Back to Basics Entertainment

Last week in The Grand Rapids Press I found it interesting to find two articles which seem to pivot around the same idea. Article #1 titled “These toys can help kids have healthier minds, bodies” was written by a Harvard Health doctor and the list of toys to help a child’s mind includes: Blocks, drawing materials, dollhouses, cars, play kitchen, dress-up clothes.

For those of you who read this list and said “yeah right, any child would get bored with these.” you are not alone. Dr. McCarthy admits boredom might be the result of some of these toys, but she also points out that boredom might be a key piece to breeding creativity. “If they are constantly entertained, they will never learn to entertain themselves, and they will miss out on important opportunities to create and explore.”

Now just a few pages later in the same edition of The Grand Rapids Press is the article titled ” ‘Fortnite’ addiction is forcing kids into video-game rehab”. Whoa. In this article Jef Feeley and Christopher Palmeri give a laundry list of issues with kids being hooked into gaming, specifically Fortnite.

  • A divorce service in the United Kingdom cited ‘Fortnite’ as the reason in 200 petitions for divorce.
  • The Vancouver Canucks banned Fortnite after players were consistently missing meetings and team dinners.
  • David Price, the star pitcher for the Boston Red Sox, was scratched from a start after wrist issues similar to carpal tunnel were heightened due to excessive Fortnite play.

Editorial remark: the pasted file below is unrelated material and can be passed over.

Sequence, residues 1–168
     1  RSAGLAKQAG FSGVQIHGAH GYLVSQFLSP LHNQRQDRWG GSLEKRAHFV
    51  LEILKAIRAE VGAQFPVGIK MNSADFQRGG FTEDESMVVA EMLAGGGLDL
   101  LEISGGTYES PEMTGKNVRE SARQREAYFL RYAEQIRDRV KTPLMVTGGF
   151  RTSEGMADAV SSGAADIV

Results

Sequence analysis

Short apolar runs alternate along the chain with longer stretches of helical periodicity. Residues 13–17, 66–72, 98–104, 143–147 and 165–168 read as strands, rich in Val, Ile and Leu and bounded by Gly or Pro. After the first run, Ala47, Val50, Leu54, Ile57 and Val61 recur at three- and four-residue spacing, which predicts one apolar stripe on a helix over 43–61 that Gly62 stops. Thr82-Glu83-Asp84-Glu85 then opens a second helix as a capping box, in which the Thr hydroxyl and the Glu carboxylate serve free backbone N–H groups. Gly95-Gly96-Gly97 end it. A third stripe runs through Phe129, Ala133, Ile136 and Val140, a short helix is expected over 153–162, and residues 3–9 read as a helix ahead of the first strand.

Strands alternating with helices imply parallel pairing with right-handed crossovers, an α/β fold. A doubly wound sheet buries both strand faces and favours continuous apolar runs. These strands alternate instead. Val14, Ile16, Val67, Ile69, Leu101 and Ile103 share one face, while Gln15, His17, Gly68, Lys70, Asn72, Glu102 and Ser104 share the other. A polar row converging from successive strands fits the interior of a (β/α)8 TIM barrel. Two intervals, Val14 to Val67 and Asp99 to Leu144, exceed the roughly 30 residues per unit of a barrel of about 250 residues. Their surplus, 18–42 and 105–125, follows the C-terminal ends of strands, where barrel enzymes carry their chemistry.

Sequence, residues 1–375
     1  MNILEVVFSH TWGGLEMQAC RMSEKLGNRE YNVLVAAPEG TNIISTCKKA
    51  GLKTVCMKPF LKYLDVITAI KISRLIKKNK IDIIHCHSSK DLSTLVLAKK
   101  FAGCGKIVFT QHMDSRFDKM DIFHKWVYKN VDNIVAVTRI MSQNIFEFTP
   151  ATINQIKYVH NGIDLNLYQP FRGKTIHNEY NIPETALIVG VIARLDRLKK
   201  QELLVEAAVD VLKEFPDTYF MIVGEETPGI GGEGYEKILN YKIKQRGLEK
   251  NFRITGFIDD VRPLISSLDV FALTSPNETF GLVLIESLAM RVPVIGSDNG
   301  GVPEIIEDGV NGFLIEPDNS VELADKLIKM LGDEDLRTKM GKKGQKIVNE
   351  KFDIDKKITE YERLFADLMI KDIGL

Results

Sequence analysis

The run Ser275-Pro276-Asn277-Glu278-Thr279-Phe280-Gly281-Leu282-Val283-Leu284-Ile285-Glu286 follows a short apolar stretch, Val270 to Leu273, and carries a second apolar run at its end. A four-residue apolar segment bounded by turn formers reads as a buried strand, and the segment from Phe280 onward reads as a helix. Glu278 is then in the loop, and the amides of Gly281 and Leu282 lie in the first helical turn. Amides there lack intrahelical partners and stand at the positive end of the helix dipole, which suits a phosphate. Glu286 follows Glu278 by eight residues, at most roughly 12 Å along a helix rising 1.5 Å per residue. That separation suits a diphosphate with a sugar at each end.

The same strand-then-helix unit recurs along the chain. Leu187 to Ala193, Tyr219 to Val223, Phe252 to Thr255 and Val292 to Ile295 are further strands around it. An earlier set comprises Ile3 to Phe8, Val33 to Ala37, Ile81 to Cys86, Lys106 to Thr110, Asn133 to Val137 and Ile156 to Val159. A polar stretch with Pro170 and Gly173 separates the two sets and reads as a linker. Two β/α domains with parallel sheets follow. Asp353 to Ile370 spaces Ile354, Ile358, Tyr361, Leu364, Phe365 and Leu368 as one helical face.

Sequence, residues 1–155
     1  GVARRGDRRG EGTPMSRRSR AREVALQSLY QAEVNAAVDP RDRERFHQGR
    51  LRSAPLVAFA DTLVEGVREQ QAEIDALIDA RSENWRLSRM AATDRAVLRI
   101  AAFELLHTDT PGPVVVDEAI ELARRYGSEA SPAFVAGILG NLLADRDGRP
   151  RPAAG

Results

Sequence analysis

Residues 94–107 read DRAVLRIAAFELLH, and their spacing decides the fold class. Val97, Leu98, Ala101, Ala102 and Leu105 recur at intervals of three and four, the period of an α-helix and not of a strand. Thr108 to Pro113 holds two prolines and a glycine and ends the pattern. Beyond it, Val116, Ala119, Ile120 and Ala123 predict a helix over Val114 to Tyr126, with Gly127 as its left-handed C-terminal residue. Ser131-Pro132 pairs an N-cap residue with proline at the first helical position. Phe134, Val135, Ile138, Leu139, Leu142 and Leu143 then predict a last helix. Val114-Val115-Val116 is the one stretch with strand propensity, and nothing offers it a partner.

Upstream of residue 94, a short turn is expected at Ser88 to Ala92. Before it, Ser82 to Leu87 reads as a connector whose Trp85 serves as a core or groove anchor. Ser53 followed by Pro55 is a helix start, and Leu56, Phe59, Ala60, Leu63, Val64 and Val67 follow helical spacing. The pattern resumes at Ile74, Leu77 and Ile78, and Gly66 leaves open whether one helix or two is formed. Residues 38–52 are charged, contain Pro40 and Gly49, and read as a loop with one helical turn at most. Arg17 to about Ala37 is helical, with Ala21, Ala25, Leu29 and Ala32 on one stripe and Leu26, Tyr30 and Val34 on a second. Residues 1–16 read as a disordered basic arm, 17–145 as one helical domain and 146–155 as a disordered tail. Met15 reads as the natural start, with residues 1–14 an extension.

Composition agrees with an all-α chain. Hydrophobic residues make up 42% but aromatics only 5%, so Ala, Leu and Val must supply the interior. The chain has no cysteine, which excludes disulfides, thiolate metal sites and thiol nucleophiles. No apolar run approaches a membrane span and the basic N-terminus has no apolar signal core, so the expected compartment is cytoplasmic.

• Kids have been tricking parents into credit card purchases for the game, sometimes racking up hundreds of dollars in unplanned bills.
  • In June 2018 the World Health Organization designated “gaming disorder” as a disease for the first time.

“This game is like heroin. Once you are hooked, it’s hard to get unhooked.” In 2013 psychologists began using the term Nomophobia to describe the irrational fear of being without your mobile phone or being unable to use your phone for some reason. Withdraw symptoms are similar to other addictive substances like alcohol or drugs. Shakes, headache, anxiety, and nausea are physical manifestations of this addiction to electronics.

Potentially the worst part of this growing issue is that there is a consensus that gaming addiction is going to continue to grow as a problem. Electronic device addiction has simply run amok!

Electronic technology has run amok!

The sad irony in my reading last week was that the research-based, tried and true toys for helping develop young minds are incredibly simplistic. Blocks. Cars. Kitchen. The piece that makes something unique and special is the creativity a kid puts with the toy to entertain themselves. When comparing the extremes of the toy technology spectrum it is a bit baffling how research continues to show that simple toys create more mental growth than the latest “greatest” technology.

As 2018 comes to a close I hope and pray the future holds an emphasis on getting back to the basics. Michio Kaku has given his prediction of what the future of jobs will hold, and I completely agree. The ability to create, to process, and to collaborate will be much more important than the ability to complete repetitive tasks. Gaming is in many ways the pinnacle of becoming fluent at a repetitive task. Since a gaming platform is encoded, users are confined to carrying out functions that have a pre-determined result.

Now whether or not their is an argument about gaming being necessary to stay relevant in digital society might carry some weight, but that is a a topic for another time. Peace.

Are You Listening?

A soft, steady click. Not more than the light click of a spacebar.